Hugh Maynard, '71
I was a math major at Carleton and I graduated in 1971. I attended Harvard Law School the following academic year. Then I spent a year as an operations research analyst at the US Environmental Protection Agency in Washington, DC. I returned to Harvard Law School and graduated in 1975. Since that time I have been an attorney at the law firm of Leonard, Street and Deinard in Minneapolis. My specialty is real estate law.
I am proud to have been a math major at Carleton.
Mike Giudici, '75
I'm a cardiac electrophysiologist at the Genesis Heart Institute in Davenport, Iowa. My wife, Paula, is a dermatologist and we have 2 sons. One is a financial consultant with Scottrade and the other is a college student.
Davis Bennett, '76
I am working as an accountant for a natural gas pipeline company in Denver, Colorado. I have had many jobs since Carleton, most only marginally connected to my major. I finally have found one I really enjoy and hope to continue until retirement. Outside of work, I am enjoying my third year singing with the Denver Gay Men’s Chorus and still looking for Mr. Right.
Richard Enbody, '76
After teaching high school mathematics for six years after Carleton, I got a PhD from the University of Minnesota in Computer Science. I then joined the Computer Science faculty in the Engineering College at Michigan State University (1987), and I'm still here. I just finished my first textbook to be published in January (2010): "The Practice of Computing Using Python" with Addison-Wesley Publishers. It is for a first course in computer science (generically called a CS1 course).
On a personal side I'm still happily married to a Carl: Wendy Larson also of the Class of 1976.
Robbin Carlson, '79
I work at a drug company in the biometrics department helping statisticians with their computer and process needs. I transferred in May. Before that I led a group of software architects and before that a number of computer-related jobs (18 years worth at the same company) and before that I was on Wall Street for 10 years.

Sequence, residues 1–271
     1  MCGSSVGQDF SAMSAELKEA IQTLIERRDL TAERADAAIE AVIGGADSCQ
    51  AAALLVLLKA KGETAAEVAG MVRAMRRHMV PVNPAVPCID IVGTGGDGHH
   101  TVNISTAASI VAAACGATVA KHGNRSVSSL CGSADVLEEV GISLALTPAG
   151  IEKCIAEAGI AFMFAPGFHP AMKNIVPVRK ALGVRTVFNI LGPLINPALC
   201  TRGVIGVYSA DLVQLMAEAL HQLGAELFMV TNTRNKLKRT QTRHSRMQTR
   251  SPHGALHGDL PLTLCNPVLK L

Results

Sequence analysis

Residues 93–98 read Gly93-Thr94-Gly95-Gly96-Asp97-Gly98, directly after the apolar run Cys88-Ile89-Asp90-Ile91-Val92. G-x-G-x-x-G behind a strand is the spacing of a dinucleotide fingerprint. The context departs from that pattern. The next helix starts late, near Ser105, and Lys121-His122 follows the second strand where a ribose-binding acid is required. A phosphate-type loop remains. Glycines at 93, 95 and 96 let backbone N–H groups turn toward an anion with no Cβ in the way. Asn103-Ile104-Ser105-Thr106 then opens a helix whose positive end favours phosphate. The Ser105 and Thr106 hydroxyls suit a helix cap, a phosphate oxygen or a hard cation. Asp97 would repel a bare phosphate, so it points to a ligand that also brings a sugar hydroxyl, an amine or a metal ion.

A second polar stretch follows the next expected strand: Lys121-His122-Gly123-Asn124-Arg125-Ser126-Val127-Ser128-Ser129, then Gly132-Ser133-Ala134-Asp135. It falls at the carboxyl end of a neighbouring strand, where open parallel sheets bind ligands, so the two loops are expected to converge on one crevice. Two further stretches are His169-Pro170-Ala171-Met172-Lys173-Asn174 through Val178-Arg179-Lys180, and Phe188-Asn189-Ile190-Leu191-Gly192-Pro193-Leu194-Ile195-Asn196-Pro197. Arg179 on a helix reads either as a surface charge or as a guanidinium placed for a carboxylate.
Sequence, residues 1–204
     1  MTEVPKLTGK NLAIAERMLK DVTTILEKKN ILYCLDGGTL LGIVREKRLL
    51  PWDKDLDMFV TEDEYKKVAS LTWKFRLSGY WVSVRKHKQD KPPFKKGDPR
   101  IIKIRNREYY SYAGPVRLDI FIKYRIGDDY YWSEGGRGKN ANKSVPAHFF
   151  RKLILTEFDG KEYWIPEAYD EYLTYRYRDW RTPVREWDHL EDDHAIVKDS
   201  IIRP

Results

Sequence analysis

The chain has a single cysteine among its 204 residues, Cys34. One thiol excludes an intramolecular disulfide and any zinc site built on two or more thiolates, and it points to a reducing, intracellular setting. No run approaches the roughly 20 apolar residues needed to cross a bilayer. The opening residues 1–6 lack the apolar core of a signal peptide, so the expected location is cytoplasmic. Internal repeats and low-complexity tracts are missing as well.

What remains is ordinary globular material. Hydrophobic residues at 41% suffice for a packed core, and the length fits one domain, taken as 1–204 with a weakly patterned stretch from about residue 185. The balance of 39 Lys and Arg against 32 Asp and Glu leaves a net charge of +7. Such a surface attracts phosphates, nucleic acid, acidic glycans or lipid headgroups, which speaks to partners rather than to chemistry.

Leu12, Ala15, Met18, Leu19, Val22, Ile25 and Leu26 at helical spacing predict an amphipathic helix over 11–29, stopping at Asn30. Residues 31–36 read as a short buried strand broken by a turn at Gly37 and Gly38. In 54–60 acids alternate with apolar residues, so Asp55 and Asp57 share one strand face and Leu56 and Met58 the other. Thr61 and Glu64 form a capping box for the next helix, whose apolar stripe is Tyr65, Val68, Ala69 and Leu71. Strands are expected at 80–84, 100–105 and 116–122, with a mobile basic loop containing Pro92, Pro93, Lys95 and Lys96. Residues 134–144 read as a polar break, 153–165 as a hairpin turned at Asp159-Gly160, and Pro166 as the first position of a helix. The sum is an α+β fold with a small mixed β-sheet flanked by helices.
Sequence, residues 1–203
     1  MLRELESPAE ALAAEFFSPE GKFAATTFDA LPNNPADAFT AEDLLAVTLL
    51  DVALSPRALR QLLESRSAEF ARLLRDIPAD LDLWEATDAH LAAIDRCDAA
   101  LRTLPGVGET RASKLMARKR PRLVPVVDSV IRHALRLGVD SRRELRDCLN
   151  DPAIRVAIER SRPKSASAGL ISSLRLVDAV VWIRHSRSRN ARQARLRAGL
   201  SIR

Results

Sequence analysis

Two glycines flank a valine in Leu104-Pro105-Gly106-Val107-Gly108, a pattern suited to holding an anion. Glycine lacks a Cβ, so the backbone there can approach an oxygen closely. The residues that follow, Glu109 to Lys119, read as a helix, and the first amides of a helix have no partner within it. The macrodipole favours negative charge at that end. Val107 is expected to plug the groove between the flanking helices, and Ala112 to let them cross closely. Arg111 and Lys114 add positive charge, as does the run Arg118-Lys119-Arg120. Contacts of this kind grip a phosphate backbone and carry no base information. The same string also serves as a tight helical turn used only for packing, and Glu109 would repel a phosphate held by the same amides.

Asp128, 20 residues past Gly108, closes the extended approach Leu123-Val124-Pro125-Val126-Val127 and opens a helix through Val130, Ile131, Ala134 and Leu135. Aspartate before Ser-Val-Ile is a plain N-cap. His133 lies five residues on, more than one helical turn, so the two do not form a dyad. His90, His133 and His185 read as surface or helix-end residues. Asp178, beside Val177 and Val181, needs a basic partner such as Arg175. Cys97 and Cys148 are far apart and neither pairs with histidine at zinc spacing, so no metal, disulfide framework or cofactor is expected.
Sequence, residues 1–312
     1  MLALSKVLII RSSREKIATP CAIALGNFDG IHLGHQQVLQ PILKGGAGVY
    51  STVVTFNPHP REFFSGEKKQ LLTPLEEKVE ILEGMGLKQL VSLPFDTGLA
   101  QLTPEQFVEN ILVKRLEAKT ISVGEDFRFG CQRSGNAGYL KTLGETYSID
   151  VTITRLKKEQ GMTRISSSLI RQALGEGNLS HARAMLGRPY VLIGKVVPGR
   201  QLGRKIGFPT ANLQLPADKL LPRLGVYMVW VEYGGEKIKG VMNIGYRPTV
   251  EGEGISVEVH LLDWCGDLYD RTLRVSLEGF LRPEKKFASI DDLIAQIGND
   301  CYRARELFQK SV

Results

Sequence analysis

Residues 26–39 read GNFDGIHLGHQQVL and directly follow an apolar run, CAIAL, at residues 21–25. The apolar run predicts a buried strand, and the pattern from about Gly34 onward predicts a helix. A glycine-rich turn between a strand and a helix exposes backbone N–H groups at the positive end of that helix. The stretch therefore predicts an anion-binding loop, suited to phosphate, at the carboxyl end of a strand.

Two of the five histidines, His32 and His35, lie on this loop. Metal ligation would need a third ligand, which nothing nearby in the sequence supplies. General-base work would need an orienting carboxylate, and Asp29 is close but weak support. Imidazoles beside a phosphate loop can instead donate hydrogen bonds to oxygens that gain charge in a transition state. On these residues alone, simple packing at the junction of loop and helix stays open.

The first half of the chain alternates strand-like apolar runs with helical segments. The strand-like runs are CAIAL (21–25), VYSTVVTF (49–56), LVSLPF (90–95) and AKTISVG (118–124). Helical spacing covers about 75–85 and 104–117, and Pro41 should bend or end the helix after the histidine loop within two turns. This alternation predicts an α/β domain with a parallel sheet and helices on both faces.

We're going through a number of organizational changes, so my job may change. Today I support experimental statisticians who sift through data looking for correlations between effects and patient tests like genetic and proteomic tests or other more normal lab tests. They help identify biomarkers that can determine if a particular drug may be effective in a patient's treatment.
If you have a disease, wouldn't it be great to know a drug will have a high probability of working on you? Rather than trying drug A, then B and finally having C do the trick? Some people don't get to C, which is why experimental statistics is particularly important.
I'm building guitars and will retire to do that some day. I'm working on an Gibson L5 replica, a classical and have 3-4 in various stages of repair. Lutherie is my passion.
I'm married for just under 25 years and have a junior at Swarthmore College.
Mike Fortner, '79
I thought you might like some tidbits about how my math degree is being applied. I serve as both a Physics Professor at Northern Illinois University and as a member of the Illinois House of Representatives, completing my 3rd term. The application of math skills in the General Assembly has been particularly interesting. Over the last two years my big task was on redistricting, and I enjoyed having Alex Fisher work for me on redistricting analysis during the summer of 2010 as a prelude to the partisan mapping battles of 2011. Now that the political part of mapping is complete, I've been thinking most recently about the redistricting problem as an NP-complete graph theory problem with an eye towards rational algorithms for fair maps.
Doug Newkirk, '79
Deputy General Counsel at ExteNet Systems, Inc. in Lisle, Illinois.